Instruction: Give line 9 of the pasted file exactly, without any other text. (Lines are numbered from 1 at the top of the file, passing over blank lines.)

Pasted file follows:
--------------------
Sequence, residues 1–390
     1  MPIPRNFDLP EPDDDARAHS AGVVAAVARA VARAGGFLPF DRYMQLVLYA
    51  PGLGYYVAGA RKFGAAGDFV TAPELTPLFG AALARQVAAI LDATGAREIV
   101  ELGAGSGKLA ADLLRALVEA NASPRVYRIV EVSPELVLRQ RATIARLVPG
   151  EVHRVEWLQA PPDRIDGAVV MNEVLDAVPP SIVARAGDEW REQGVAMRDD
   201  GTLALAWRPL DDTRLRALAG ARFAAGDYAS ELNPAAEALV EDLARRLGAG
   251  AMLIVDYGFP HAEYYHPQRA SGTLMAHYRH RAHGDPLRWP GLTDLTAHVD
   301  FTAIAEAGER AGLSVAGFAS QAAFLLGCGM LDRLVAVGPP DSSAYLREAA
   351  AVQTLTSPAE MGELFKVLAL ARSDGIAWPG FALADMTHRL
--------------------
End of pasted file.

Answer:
   351  AVQTLTSPAE MGELFKVLAL ARSDGIAWPG FALADMTHRL